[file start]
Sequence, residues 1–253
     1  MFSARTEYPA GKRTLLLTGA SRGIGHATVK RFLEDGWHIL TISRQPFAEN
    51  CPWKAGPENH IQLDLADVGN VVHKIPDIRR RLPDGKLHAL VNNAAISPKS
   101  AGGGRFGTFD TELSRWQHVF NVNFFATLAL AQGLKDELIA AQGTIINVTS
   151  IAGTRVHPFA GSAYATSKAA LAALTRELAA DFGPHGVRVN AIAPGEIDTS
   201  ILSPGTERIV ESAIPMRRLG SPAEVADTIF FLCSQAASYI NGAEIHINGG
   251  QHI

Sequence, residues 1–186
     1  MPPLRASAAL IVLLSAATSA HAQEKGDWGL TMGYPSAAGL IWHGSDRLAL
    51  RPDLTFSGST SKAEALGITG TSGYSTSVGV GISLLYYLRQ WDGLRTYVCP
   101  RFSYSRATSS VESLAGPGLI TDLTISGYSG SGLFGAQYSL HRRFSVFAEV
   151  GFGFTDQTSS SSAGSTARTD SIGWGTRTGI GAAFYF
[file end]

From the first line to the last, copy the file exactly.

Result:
Sequence, residues 1–253
     1  MFSARTEYPA GKRTLLLTGA SRGIGHATVK RFLEDGWHIL TISRQPFAEN
    51  CPWKAGPENH IQLDLADVGN VVHKIPDIRR RLPDGKLHAL VNNAAISPKS
   101  AGGGRFGTFD TELSRWQHVF NVNFFATLAL AQGLKDELIA AQGTIINVTS
   151  IAGTRVHPFA GSAYATSKAA LAALTRELAA DFGPHGVRVN AIAPGEIDTS
   201  ILSPGTERIV ESAIPMRRLG SPAEVADTIF FLCSQAASYI NGAEIHINGG
   251  QHI

Sequence, residues 1–186
     1  MPPLRASAAL IVLLSAATSA HAQEKGDWGL TMGYPSAAGL IWHGSDRLAL
    51  RPDLTFSGST SKAEALGITG TSGYSTSVGV GISLLYYLRQ WDGLRTYVCP
   101  RFSYSRATSS VESLAGPGLI TDLTISGYSG SGLFGAQYSL HRRFSVFAEV
   151  GFGFTDQTSS SSAGSTARTD SIGWGTRTGI GAAFYF